Dementia is not a pretty disease and there is still so much that the experts have to discover about it before we can ever contemplate talking about cures. So if there is anything simple and practical that we can do to prevent, or reduce the risk of developing dementia, then we should take it seriously.
But first, let me tell you a story: a story of hope. In 2001 a Dr Snowden convinced a congregation of Catholic Nuns to take part in an ongoing study into Alzheimers dementia, and he also convinced them to donate their brains …. after they died!
At the start of the study most of the Nuns were already elderly, between the ages of 75 and 94, 20 years later the researchers already have over 500 of the Community’s brains to study. For the scientists, this is a gold mine of information as in most studies there are so many “variables” that they have to take into consideration. Here, the Nuns didn’t smoke, rarely drank alcohol, followed the same diet and lived in the same environment. But the big plus was that they recorded their histories that were kept at the Convents from the time that they had signed up as postulants, and these were made accessible to the researchers.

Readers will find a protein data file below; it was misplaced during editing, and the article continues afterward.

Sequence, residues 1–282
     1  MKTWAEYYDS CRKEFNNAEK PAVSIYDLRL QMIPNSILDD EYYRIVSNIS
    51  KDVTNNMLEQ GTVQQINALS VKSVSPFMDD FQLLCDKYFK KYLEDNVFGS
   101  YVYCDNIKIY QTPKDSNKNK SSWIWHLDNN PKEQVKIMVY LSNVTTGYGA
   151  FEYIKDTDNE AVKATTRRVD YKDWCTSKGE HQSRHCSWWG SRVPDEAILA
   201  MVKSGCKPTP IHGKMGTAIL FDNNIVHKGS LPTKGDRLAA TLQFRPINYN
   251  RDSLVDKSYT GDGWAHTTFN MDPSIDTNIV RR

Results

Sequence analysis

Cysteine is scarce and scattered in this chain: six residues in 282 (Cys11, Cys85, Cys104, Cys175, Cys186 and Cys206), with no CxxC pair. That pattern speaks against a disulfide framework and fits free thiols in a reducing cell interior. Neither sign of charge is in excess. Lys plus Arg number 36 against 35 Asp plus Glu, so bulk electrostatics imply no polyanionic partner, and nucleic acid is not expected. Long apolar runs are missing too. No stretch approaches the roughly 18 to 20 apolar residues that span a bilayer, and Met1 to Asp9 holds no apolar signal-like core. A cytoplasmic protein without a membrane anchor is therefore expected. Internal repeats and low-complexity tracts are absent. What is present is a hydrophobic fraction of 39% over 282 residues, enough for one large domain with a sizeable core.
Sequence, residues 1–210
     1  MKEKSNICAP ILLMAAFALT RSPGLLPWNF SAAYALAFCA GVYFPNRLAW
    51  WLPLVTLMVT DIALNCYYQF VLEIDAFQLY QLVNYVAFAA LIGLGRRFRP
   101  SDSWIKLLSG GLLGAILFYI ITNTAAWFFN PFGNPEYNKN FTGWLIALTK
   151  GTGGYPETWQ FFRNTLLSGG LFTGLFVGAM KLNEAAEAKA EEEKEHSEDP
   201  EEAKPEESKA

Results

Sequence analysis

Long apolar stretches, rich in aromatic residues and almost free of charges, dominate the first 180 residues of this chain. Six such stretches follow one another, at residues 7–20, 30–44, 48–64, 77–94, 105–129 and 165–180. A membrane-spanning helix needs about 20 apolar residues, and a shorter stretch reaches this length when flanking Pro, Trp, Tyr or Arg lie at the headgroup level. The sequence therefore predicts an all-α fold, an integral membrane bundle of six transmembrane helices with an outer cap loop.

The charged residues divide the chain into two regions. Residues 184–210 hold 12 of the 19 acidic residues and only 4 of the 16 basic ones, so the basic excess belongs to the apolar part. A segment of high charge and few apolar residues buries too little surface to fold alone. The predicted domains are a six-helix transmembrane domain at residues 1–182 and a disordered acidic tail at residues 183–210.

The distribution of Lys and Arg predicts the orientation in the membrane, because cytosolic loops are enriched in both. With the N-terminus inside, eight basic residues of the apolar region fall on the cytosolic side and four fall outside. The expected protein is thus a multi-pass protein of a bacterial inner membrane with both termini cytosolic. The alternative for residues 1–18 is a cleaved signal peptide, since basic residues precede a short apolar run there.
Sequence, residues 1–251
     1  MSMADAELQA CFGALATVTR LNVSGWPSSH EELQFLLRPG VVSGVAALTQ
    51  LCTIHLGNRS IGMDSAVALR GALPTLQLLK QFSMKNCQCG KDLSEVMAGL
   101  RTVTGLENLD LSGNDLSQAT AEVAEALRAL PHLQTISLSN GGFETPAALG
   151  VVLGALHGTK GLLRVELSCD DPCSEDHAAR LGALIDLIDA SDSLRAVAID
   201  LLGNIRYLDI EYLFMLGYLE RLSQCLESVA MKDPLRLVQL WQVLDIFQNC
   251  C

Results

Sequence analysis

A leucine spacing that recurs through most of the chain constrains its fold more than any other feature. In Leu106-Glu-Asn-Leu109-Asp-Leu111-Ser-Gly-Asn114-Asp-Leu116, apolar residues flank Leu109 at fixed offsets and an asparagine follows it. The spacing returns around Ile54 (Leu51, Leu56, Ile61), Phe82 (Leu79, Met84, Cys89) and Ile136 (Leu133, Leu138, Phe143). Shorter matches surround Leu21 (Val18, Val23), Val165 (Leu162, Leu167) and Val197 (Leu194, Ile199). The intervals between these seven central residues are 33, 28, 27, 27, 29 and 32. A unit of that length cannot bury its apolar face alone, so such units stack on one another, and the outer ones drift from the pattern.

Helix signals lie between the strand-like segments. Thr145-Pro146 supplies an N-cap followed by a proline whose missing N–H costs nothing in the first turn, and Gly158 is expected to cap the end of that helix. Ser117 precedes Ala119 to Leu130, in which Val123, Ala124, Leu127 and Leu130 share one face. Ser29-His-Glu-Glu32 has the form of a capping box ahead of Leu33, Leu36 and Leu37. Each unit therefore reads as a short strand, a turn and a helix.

So what have been the results? In a nutshell, those who had a positive spin on life lived, on average, 10 years longer than their gloomier confreres! Also, those with a positive spin on life were also less likely to show signs of Alzheimer’s disease in post mortem findings. And interestingly, there were 15 brains that showed the classical, pathological signs of Alzheimer’s disease, but the Nuns whose brains they were had not exhibited dementia in their lifetime. These were amongst those Nuns who had a positive, active perspective on life.
Dr. Snowdon hopes his study will encourage people to do things to ward off the disease, like quit smoking and other stroke-causing behaviors, and read to children to stimulate language development.